5-Step Guide to a Better Restaurant Experience

By Mike Sutter | Fed Man Walking | 02.21.12
The first time Cecilia Nasti asked me to be a guest on her radio show "Field and Feast," she asked if I'd put together a short guide to making the most of your restaurant experience. Here's what I came up with. None of this excuses the service industry's obligations to us as customers, but that's a subject for another day.
► Do your homework. Good restaurants have good websites. Study the menu and get a sense of the place before you go. That way you can spend less time being bewildered and more time asking questions about dishes that piqued your curiosity.
 Listen to the specials. Let go of your suspicions that restaurants use specials to get rid of yesterday’s slow movers. The best chefs use specials to vent their creativity, to move outside the boundaries of the standing menu and work with the day’s best fish, a shipment of exotic mushrooms or the guinea fowl they bought at the farmers’ market.
► Give respect, get respect. I’m bewildered by the way people act in restaurants. They bark when they could just ask. They let go of common courtesies. You want better service? Make eye contact with your waiter. Say please and thank you. A lot.  Even to the men and women who fill your water glasses. Teach your kids to do the same. Yes, the staff is there to serve you. Help them do a better job by making them want to serve you. “May I please order...” will get you farther than “Yeahh, gimme uh...”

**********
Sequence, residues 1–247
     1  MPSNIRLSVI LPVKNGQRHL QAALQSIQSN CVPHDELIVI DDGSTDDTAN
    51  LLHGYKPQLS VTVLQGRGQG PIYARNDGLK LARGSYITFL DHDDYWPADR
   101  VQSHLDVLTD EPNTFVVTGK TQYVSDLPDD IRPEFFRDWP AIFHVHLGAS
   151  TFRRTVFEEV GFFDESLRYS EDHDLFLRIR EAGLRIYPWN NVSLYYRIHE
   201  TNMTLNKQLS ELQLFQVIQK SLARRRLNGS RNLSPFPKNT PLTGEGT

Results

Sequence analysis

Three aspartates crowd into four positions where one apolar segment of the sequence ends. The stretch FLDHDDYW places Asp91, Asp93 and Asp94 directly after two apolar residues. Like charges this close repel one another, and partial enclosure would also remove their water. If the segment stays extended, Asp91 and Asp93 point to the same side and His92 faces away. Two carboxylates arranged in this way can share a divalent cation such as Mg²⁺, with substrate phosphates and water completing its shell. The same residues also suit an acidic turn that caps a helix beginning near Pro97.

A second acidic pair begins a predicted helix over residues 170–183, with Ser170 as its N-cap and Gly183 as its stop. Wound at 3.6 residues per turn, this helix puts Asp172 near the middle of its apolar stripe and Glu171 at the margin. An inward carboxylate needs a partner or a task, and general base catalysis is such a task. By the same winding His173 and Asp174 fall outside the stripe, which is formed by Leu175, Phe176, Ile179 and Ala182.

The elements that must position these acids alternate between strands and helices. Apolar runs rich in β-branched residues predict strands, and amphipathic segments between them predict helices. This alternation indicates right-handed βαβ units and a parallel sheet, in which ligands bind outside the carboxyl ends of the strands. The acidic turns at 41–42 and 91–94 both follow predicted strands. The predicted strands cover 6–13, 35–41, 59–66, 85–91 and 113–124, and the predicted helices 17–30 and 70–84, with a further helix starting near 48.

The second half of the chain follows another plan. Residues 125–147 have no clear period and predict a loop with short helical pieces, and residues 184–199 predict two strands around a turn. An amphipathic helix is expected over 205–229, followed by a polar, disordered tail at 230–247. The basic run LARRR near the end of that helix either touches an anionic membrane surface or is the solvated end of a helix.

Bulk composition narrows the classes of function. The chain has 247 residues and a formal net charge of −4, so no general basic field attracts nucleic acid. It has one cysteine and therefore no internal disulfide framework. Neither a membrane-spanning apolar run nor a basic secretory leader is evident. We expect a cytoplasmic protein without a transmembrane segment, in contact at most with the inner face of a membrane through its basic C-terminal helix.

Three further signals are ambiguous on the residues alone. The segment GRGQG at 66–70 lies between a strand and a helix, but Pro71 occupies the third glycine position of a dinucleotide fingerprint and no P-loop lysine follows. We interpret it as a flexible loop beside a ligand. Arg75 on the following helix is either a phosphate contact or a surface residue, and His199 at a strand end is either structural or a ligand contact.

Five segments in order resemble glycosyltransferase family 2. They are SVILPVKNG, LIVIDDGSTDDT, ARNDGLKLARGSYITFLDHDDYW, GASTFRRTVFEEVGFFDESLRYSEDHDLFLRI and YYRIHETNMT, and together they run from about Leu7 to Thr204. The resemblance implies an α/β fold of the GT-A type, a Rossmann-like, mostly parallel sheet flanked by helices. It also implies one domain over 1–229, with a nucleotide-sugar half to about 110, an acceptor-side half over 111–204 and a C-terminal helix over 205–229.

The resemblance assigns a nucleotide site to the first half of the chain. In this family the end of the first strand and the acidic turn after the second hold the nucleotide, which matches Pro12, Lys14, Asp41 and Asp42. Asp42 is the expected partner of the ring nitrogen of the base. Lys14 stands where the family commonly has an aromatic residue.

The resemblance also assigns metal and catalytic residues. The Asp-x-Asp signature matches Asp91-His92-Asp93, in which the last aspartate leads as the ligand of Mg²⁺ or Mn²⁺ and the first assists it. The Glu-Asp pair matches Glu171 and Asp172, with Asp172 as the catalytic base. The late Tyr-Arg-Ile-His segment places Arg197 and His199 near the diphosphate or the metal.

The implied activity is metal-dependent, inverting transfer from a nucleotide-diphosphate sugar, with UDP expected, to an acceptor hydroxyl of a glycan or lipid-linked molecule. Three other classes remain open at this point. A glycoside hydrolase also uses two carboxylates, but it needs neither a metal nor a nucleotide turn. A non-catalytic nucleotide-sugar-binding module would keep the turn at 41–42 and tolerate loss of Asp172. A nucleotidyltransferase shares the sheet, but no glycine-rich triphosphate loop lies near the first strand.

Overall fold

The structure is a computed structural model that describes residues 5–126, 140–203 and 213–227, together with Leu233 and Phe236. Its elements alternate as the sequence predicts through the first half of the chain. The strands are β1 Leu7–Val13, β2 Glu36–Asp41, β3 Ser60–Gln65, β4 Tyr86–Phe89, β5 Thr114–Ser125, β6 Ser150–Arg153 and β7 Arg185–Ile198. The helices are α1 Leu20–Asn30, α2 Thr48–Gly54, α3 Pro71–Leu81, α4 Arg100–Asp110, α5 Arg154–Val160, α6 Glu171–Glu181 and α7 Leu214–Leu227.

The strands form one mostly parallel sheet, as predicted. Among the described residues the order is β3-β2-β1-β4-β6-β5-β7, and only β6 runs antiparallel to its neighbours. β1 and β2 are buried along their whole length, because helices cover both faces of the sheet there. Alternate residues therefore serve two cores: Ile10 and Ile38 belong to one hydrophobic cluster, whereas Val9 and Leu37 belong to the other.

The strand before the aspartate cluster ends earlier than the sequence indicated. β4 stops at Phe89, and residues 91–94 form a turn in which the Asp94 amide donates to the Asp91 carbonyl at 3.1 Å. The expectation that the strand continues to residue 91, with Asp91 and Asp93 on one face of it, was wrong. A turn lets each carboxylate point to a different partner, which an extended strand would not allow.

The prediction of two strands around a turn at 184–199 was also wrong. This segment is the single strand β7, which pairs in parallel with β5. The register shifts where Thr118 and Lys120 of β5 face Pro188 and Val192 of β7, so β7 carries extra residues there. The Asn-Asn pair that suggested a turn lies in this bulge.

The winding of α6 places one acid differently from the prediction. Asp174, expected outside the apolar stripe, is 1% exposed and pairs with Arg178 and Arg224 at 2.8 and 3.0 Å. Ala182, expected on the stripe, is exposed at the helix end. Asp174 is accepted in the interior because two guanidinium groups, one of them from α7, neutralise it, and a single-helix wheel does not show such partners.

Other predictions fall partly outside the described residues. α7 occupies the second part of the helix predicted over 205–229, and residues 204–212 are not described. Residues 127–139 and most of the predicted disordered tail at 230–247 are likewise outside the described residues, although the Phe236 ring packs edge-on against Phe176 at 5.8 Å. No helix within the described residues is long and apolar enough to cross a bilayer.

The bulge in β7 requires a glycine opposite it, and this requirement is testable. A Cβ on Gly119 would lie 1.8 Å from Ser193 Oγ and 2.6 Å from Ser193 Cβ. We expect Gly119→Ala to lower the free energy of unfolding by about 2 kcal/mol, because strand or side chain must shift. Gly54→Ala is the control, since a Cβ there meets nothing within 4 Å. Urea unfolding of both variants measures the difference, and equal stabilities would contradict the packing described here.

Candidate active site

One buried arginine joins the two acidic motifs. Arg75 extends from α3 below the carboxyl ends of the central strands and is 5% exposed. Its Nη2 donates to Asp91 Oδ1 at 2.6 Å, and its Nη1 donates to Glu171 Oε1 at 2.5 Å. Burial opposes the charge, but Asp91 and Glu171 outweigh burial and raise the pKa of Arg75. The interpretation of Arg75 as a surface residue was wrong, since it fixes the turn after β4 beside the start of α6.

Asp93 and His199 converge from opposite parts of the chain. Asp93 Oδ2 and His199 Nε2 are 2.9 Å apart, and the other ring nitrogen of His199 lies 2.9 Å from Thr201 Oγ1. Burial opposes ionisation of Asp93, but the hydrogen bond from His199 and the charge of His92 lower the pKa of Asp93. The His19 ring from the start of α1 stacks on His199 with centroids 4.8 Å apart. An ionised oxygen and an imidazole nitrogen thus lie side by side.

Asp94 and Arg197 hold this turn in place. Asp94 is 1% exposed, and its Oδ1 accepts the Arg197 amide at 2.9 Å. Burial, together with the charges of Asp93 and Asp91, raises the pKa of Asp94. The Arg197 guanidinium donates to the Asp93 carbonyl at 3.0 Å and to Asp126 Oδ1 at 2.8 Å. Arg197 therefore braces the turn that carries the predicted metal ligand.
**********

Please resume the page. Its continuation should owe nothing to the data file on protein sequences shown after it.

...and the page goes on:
► Be a geek. Not the kind on “Portlandia,” where you want to know the name of the guy who raised the chicken. But ask questions that show you’re willing to learn about farm-to-table possibilities, that you’re curious about how grass-fed beef tastes different, that you’ve never been clear on the difference between fennel and fennel seeds. Good waiters will respond to your enthusiasm. This is especially true about wine. If there’s a wine-pairing option, ask for the sommelier, then ask if they might work in a rosé or make it an all-red lineup. There’s nothing like a professional wine wrangler who’s asked to demonstrate what he or she can pull out of the hat. This is especially true at Wink and Congress.
► Skip dessert. This is the same advice I gave in an interview with Weight Watchers. It’s unfortunate but true that some pastry chefs don’t enjoy the same prestige as their brothers and sisters on the line. If a kitchen cuts back, pastry’s most likely to get the knife. That means there’s an even chance that dessert, even at a decent place, is either an afterthought or came right off the truck. Always ask if the sorbet or carrot cake or chocolate gateau was made in-house. If not, save the calories for another appetizer or even a cheese course. Places to suspend this rule: Uchi and Uchiko (desserts overseen by Philip Speer), the Carillon (the newly acquired Plinio Sandalio), La Condesa (Laura Sawicki), the Driskill Grill (Tony Sansalone) and the upcoming Swift’s Attic in the old Kyoto space with Parkside’s original pastry chef, Callie Speer.
(Photos by Mike Sutter © Fed Man Walking)